In the 1880's a French company began to build a canal across the Isthmus of Panama to make a faster way to move between the Atlantic and Pacific Ocean. But the task was far too great and the company went bankrupt, abandoning the canal
In 1902 The United States bought the rights to the French Canal. Secretary of State, John Hay began meeting with Colombia to gain full ownership of the land surrounding the canal. By 1903 a treaty had been drafted but Colombia's senate would not ratify it.
Panama at the time were still under Colombian rule and wanted to govern itself. President Roosevelt supported Panama's rebellion over Colombia. Soon after Panama declared its independence America gained complete control over the Canal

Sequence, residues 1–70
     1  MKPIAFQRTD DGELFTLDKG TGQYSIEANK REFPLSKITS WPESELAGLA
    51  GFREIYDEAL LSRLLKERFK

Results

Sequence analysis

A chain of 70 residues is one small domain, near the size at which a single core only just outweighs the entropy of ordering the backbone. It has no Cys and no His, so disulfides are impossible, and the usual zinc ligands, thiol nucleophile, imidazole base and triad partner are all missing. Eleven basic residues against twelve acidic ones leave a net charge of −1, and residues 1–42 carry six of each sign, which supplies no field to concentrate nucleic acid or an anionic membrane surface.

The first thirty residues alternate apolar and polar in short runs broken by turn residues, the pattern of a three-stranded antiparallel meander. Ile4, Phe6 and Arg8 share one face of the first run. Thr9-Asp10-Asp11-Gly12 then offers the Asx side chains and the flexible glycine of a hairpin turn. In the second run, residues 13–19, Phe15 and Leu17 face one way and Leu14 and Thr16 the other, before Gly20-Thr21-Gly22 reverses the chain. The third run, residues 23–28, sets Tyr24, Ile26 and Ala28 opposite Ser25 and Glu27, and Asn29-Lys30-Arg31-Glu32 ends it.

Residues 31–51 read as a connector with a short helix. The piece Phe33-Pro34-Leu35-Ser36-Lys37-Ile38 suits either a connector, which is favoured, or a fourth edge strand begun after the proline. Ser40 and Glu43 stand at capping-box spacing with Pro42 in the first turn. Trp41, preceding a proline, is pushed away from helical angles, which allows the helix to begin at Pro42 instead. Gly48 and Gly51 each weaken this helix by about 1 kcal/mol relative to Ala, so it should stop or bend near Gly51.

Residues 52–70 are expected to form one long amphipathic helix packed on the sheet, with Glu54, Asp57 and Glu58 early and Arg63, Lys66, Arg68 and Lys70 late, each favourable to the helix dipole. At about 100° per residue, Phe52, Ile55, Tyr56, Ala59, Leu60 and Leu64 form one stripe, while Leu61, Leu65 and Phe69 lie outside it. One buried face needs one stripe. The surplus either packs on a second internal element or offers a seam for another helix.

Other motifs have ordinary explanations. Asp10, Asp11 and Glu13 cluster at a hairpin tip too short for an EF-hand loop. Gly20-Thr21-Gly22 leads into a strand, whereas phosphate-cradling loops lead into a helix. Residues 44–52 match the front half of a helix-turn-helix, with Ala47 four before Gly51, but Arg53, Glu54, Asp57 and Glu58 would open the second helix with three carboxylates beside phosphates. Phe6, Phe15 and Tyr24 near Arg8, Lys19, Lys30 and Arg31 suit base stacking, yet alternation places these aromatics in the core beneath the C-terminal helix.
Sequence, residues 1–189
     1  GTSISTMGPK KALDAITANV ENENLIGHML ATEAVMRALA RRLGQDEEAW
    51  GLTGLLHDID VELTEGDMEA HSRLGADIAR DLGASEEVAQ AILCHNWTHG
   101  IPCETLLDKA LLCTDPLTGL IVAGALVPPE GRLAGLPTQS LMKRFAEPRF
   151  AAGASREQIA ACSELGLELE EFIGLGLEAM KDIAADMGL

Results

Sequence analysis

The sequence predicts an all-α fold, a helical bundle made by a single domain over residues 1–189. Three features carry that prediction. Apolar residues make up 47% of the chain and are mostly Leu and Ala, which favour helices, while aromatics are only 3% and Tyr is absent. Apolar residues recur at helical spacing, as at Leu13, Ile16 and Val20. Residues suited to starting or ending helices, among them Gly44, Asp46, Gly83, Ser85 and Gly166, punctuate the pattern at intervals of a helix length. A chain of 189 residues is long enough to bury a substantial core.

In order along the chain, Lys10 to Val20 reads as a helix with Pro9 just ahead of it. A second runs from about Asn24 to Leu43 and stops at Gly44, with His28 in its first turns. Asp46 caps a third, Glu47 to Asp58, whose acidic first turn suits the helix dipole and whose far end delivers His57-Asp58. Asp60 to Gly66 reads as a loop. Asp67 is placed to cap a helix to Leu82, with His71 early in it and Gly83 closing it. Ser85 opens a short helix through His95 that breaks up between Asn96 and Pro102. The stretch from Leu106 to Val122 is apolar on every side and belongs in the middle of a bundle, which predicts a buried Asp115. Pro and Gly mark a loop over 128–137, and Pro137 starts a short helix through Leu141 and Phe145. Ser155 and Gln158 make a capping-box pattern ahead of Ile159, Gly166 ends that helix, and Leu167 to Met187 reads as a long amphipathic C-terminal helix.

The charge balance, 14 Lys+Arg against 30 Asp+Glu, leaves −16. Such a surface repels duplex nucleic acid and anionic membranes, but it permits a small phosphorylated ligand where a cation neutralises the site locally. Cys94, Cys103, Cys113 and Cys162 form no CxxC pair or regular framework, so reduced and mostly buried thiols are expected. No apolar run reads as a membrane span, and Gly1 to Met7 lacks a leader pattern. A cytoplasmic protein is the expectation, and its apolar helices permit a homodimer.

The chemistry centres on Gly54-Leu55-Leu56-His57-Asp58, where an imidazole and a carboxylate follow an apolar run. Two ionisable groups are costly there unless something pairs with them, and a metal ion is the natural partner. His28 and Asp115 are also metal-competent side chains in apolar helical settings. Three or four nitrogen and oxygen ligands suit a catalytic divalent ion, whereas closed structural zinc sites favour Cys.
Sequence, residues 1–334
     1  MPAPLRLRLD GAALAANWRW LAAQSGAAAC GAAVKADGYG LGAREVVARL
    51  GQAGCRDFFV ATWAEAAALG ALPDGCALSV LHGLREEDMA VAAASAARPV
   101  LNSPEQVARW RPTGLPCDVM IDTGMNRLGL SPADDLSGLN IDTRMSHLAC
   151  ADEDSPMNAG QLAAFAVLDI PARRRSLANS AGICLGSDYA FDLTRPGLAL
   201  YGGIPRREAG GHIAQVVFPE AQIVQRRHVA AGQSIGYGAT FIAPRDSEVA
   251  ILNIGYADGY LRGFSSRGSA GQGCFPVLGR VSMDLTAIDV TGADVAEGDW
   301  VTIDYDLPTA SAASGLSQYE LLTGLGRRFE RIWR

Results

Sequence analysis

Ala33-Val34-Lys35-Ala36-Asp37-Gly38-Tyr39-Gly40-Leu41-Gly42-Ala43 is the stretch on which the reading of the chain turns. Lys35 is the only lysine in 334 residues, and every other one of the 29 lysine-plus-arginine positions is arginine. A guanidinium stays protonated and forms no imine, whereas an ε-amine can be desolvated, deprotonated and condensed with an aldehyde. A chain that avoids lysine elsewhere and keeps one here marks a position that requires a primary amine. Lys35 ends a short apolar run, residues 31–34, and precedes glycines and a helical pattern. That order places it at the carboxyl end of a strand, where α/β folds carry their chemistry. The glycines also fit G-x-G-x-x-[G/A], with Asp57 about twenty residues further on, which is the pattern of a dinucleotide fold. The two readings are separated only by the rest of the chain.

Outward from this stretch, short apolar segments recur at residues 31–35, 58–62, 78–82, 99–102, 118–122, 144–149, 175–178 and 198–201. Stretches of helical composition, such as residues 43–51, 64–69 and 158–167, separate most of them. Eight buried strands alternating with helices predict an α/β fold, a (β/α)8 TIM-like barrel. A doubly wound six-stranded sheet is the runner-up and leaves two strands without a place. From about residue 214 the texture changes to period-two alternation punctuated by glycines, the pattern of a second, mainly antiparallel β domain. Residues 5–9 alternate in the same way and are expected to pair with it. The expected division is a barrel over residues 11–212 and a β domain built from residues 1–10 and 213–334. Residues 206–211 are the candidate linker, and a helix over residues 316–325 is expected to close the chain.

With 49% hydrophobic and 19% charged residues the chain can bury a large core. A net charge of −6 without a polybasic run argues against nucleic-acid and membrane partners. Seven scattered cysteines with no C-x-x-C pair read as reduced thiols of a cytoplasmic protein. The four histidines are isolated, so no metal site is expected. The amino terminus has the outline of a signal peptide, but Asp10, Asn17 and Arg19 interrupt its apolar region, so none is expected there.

In May 1904, American work on the Panama Canal started. However, harsh working conditions, shortages on labor, and materials stopped construction efforts. This all grew worse when deadly diseases such as yellow fever and malaria broke out.
Roosevelt appointed John F. Stevens as chief engineer and architect as well as Dr. William C Gorgas to focus on wiping out yellow fever and improving sanitation. Thanks to their efforts the Canal progressed.
With many losses workers on the Panama Canal saw great success. In August 1914 the SS Ancon became the first ship to pass officially through the Panama Canal